Key questions to ask about the hotel room investment

The first question you should be asking is, who is the developer and how long have they been doing this? Furthermore, the assignment with the operator – how legitimate is it and can you see the agreement. With such a novel investment, you need to be extra diligent and it is crucial that you look at the contractual agreement that has been drawn up by the developer and the operating company e.g. Holiday Inn. Will the operator agree to a minimum occupancy during the year? What rates does the operator intend on charging? Is the agreement tight or can they walk away after a year?

Rental guarantees on hotel room investments

Every scheme that we’ve been offered – in addition to the ones we’ve not – all have a guaranteed rental income period for a set amount of years. We’ve seen it range from 2 years to 20 years which is an incredible commitment. With any guarantees over say two or three years, we believe that they should be backed up by a proper document and almost probably, insurance backed. Even for two to three years, there should be some kind of documentation that fully protects the rental guarantee. It’s all well and good if the salesperson tells you that the company has been in existence for ‘x’ years, but as we’ve seen in the recession, even the biggest names can go pop. In short, make sure that the developer/agent can provide a comprehensive account of the rental guarantee and if it’s insurance backed, then you should request to see the insurance terms.

Where is the hotel located?

In the last 24 months, we’ve seen schemes come up with a qualified third party operator that has international recognition in Wembley, London; Docklands, London; Canary Wharf, London and York, Yorkshire. The hotel room investment opportunities in these locations were far better located than the ones that we saw that did not have a reputable operator. We can’t be sure of the reasons why exactly, but the yields in the better located areas were somewhat lower than the yields in the less well known areas.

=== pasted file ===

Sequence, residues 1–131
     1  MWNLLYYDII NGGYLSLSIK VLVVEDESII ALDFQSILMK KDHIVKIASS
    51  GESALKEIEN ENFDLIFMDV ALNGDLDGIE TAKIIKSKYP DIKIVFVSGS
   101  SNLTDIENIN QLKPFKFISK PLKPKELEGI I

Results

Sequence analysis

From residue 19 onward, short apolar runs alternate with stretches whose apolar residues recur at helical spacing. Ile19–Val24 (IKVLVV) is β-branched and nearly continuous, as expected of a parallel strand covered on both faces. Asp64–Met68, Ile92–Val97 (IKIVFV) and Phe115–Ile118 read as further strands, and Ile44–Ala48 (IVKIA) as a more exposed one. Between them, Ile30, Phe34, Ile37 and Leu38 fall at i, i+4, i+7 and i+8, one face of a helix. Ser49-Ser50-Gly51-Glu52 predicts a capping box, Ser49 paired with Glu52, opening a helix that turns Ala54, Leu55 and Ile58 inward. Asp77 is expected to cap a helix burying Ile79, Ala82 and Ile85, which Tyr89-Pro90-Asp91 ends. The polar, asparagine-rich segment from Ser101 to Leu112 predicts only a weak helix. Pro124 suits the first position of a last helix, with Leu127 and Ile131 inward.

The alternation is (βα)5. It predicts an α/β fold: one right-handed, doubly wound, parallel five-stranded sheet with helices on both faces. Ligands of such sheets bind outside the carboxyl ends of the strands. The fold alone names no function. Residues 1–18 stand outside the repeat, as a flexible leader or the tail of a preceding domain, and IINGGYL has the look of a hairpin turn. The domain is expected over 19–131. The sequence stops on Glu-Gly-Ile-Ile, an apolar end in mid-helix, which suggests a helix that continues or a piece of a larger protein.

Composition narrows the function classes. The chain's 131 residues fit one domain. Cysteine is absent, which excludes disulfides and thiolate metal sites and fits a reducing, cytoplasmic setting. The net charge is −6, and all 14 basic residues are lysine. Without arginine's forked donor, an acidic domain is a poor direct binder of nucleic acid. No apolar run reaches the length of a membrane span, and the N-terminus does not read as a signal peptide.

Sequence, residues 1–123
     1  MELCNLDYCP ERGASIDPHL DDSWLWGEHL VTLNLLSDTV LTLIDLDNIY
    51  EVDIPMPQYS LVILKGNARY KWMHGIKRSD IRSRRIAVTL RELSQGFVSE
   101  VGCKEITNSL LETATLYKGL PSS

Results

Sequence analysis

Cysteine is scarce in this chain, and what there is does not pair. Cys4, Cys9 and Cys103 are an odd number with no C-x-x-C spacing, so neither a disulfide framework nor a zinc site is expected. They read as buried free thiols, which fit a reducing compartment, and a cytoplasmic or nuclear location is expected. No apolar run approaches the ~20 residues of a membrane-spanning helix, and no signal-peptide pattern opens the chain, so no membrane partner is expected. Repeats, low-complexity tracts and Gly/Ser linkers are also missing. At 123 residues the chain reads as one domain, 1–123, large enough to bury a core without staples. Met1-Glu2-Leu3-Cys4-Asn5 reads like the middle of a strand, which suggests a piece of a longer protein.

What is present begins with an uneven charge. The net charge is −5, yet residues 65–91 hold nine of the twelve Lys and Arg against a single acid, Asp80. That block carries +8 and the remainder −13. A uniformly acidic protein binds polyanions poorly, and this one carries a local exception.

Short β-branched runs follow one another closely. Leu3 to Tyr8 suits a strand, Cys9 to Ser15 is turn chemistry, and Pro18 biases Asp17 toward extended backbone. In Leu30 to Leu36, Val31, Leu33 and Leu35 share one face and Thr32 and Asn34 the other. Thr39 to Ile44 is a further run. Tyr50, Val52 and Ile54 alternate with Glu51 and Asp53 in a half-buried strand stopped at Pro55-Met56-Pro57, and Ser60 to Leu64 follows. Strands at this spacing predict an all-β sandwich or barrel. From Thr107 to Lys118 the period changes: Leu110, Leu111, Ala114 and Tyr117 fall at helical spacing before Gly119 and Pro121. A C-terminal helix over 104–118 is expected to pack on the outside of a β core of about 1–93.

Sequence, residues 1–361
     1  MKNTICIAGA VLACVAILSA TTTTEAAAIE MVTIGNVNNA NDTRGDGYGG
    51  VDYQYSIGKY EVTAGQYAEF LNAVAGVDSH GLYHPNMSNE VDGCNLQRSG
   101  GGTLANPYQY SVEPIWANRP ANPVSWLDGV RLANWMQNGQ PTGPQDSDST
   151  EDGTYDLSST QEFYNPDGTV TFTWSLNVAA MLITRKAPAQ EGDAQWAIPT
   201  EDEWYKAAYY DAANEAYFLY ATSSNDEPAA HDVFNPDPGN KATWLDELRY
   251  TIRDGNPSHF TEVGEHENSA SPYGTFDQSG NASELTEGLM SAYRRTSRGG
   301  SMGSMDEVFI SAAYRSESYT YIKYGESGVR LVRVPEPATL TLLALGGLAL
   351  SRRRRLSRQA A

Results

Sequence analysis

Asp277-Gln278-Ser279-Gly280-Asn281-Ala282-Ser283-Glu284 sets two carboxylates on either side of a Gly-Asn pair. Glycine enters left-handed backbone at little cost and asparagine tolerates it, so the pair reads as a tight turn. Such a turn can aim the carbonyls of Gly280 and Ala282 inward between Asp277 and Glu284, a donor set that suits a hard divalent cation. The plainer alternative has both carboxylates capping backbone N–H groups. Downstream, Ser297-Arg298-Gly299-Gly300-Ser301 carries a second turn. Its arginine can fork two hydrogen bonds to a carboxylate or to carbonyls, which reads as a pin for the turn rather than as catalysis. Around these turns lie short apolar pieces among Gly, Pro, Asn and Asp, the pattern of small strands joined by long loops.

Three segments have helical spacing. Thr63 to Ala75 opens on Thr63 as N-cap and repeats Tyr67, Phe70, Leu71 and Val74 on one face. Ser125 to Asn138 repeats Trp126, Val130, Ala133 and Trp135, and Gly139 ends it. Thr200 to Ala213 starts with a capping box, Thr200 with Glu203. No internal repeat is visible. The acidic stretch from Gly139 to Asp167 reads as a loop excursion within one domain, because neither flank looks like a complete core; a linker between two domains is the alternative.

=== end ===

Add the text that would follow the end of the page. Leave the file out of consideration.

What is the demand in the area right now and what projections for the future?

If the hotel is already built out and has been income producing over a number of years then there should not be a problem to see the company accounts as this should be made available to the public if necessary. Once you’ve had access to this information, you can determine whether the headline figures stack up and the proposed rental guarantee figures are valid. If the developer or agent starts making excuses that ‘there are complications’ or ‘it won’t be easy to get hold of the accounts’, then you should look to walk away. If the developer or agent are looking to make the sale, then they should be able to provide you with what is diligently available to make an informed decision.

For off-plan or not yet ready hotel room investments, then you’ll have to do some research on the projected numbers. Google the streets to see if there are other hotels nearby. Use websites like AlphaRooms or to research current room rates to see if the numbers stack up.

For further reading on hotel room investments, we found this blog piece to be particularly informative.